Book review: Microsoft Manual of Style, 4th edition

Book review: Microsoft Manual of Style, 4th edition

Summary: Whether you're writing a blog, a book, a website or the text for a program's user interface, the more consistent you are the clearer things will be. That's easier when you have a style guide, so you don't have to decide every time whether it's 'Web site', 'web site' or 'website' and whether to say 'sign in' or 'sign on' (sign in is better, unless you're talking about single sign on and getting access to multiple enterprise services with one login).

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Whether you're writing a blog, a book, a website or the text for a program's user interface, the more consistent you are the clearer things will be. That's easier when you have a style guide, so you don't have to decide every time whether it's 'Web site', 'web site' or 'website' and whether to say 'sign in' or 'sign on' (sign in is better, unless you're talking about single sign on and getting access to multiple enterprise services with one login).

About half of the new edition of the Microsoft Manual of Style is a comprehensive style guide covering everything from referring to 'arrow keys' rather than 'direction keys' to saying 'zoom out' rather than 'unzoom'. It updates and expands the previous editions considerably (they're far slimmer volumes), adding recent terms like NUI (Natural User Interface — using voice, touch and gestures to control a computer, which it points out is a clumsy term most people won't understand so you should explain it instead) as well as finally accepting that e-mail no longer has a hyphen.

Microsoft is obviously the expert on the correct naming of SQL Server and parts of the Windows interface (the area next to the Windows clock is the notification area, not the system tray, for example). On more generic terms you might not agree with every single style choice in the guide (few people are still hyphenating e-book and e-commerce for example, so we definitely disagree with the Microsoft Manual there), but the choices are deliberately labelled as being in Microsoft style or not rather than being wrong and right.

Overall it's a comprehensive guide that gives you a great starting place — and in most cases it's hard to argue with. Banning portmanteau words like 'weblication' and knowing when to use 'backup' and 'back up', but that you always write offline as a single word will improve any piece of technical writing. Saying laptop rather than notebook might seem a little pedantic, but having this list of around 1,000 style decisions means that you can think about how consistent you want to be. If you think saying notebook is fine, make a note and you can use this as the start of your custom style guide.

The other half of the book is a style manual in a much broader sense. It starts with an excellent explanation of why having a consistent style and voice is so helpful in technical documentation and interfaces. Again, you're probably not going to adopt the Microsoft style wholesale, but if you want a clear style for communicating, principles like avoiding too many questions, exclamation marks and colloquialisms is a good place to start. It's refreshing to see sections on avoiding stereotypes about race, gender and disability (far too much technical writing assumes all the readers are white, male and not long out of college). The advice to avoid anthropomorphising computers will make for clearer writing too — a speech recognition engine doesn't 'know' any words, and suggesting that it does is misleading.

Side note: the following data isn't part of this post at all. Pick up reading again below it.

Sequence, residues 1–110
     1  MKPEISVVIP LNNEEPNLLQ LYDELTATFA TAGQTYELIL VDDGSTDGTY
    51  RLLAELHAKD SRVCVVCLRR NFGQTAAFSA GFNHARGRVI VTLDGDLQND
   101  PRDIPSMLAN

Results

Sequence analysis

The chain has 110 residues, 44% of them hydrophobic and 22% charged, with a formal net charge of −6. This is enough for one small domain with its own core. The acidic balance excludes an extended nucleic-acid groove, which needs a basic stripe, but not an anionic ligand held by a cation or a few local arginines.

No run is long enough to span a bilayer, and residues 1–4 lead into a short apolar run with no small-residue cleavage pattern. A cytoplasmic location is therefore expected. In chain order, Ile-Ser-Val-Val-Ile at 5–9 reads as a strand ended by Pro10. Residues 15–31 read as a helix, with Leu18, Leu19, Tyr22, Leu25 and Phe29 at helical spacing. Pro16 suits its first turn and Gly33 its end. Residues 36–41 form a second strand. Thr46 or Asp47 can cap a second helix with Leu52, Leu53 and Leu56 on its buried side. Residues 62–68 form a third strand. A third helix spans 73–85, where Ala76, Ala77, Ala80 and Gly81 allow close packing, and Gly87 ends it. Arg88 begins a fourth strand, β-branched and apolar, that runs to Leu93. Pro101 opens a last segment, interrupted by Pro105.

If you're reviewing software, writing manuals or creating a user interface, the chapters on how to write and document dialog boxes and commands are full of useful checklists and tables on everything from the correct names for different controls to how to refer to file formats. The section on terminology for cloud computing is so clear it works as a handy summary of cloud technology (without any bias towards Microsoft services either). The exhaustive coverage of how to format numbers correctly might seem excessive, until you're trying to be consistent in a 300-page document when you'll be glad of them. There are suggested styles for captions, bibliographies, phone numbers, indexes and other things that are better when they're consistent. The sections on punctuation and grammar are clear and helpful without being pedantic about things like when the passive voice can be used. Sixteen pages of abbreviations and measurements (it's YB and ZB for yottabytes and zettabytes, for example) will save a lot of arguments as well.

The section on writing for the web is also helpful, with tips on how to organise content, what makes a good video, when a wiki is a good approach for community content and the basics of both search engine optimisation and social media marketing. Again, it's good to see guidelines on making content accessible; it doesn't cover everything you need to know, but you get the basics of organising content so it works with a screen reader and what's problematic for colour-blind readers (and notes about correct formatting for screen readers appears wherever it's relevant, not just in a section you might flip past in a hurry). This is a comprehensive guide to good technical writing that will make you think about communicating as well as getting your capitalisation right, even if you never use a single Microsoft product.

Microsoft Manual of Style, 4th edition
Elizabeth Whitmire
Microsoft Press
464 pages
ISBN 9780735648715
£22.99

Mary Branscombe

Topic: Reviews

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